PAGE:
The Free lance. (State College, Pa.) 1887-1904, June 01, 1899, Image 21

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    'B9; while the Legislative and Old Students' Committdes were left
the same as last year. •
Prof. Reber reported for .Legislative Committee stating that
several communications were sent to the Alumni in the state to
enlist their influence in behalf of the College, with their respective
members in the Legislature; and that very hearty responses were
received from all quarters, and effectual work was done. Much
credit is ,due to the Alumni for the success of our legislation the
past winter, and it is hoped that more effectual organization may
be secured for the future.
Dr. J. F. Pond reported for the Committee on Old Students,
recommending that certain non-graduating students be made elig
ible to associate membership. This departure or innovation ex
tends the sociability of the student body to those who for sundry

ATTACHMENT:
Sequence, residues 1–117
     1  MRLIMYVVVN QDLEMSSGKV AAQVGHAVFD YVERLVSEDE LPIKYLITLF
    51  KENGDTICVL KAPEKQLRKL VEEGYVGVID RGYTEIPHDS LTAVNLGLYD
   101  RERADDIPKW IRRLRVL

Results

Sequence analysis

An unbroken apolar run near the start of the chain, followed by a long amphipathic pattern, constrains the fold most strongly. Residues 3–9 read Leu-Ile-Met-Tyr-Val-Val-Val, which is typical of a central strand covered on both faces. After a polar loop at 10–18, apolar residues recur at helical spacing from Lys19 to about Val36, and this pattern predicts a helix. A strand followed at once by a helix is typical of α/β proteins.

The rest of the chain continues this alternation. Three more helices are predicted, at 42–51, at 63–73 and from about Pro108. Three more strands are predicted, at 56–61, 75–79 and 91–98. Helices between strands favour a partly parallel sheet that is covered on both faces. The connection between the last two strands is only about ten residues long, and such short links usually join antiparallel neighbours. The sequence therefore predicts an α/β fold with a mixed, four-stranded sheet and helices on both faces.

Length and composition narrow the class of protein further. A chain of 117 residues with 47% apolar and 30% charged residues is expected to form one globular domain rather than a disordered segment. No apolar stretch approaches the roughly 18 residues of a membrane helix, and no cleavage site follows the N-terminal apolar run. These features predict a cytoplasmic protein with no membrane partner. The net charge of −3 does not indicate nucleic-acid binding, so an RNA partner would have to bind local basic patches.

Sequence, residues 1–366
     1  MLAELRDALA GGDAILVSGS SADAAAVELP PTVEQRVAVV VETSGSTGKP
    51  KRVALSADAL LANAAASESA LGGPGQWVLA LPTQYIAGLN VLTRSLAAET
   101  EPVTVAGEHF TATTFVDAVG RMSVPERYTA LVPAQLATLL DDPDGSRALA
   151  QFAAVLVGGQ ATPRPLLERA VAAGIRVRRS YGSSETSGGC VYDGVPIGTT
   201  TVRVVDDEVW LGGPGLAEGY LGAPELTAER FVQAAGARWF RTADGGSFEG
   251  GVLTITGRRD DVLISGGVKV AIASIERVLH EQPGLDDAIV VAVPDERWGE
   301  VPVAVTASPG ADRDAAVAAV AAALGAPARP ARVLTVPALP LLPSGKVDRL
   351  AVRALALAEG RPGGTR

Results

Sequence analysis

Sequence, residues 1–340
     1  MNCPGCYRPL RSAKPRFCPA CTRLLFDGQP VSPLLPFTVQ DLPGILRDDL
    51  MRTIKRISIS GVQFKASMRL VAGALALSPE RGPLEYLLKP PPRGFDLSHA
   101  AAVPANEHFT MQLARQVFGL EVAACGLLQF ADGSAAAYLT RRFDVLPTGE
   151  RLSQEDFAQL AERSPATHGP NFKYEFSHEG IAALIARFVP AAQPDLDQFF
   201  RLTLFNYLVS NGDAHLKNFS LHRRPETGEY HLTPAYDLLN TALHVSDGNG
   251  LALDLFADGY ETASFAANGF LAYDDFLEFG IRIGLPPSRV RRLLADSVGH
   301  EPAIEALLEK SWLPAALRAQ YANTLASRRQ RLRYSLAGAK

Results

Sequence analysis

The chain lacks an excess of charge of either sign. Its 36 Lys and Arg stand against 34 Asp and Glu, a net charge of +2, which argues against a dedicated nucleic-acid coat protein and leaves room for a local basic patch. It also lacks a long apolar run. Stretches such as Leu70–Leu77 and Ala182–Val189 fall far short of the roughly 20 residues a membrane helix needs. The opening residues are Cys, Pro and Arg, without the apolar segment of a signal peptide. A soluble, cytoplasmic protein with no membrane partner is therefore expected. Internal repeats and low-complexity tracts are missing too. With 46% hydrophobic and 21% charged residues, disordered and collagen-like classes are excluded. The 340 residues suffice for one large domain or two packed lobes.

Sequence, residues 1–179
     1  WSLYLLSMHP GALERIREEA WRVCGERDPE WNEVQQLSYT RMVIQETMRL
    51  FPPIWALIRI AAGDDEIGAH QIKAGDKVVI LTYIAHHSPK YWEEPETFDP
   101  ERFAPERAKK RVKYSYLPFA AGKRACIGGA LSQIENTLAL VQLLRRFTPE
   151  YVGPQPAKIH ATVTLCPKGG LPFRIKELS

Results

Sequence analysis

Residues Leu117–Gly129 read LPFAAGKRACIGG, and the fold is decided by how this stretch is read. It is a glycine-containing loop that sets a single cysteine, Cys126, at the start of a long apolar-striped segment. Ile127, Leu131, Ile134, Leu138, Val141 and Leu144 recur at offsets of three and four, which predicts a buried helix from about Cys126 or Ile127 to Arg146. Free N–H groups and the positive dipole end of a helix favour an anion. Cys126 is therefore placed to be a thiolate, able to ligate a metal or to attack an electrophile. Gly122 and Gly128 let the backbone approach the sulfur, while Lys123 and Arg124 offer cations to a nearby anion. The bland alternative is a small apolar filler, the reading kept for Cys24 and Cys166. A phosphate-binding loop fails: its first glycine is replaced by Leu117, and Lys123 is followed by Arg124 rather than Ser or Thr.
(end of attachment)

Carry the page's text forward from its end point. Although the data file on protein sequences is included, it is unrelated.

reasons could not complete their course at College, and having a
lively , interest in P. S. C. and her success will enjoy the coopera
tionwith the Altimni to advance her interests in whatever way
their position may suggest. „
This motion was acted upon with the result that the following
amendment to the constitution was passed:—
Art. 11, Sec. i of Const.; Any person*, who has been a student
of the College department of The Pennsylwania State College for
one year, and who has.left.said department in good standing, may,
after three years, become an associate member of the Alumni As
sociation with all privileges of the Association, except voting and
holding office.
At -the sound of the bugle call Tuesday noon, the Trustees,
Delegates, and Faculty with their wives, and the Alumni and
Seniors with their parents assembled in the Armory to partake of
the Alumni Dinner. The tables were neatly set, and there was
great abundance of edibles, and while the Stopper and Fisk Or
chestra of Williamsport rendered several fine selections, the assem
bled four hundred feasted and .forgot their hunger. After the
dinner, Gen. James A. Beaver, as toast master, introduced the
following speakers in his usual good-natured way :—Bishop J. H.
,Vincent, who spoke of the advantages of 'higher education in even
. the common pursuits of life; Dr. L. Colfelt, who depicted the
:rapid growth and advancement of the College; Senator Hertzel, of
Juniata Co., who expanded upon the merits of the institution.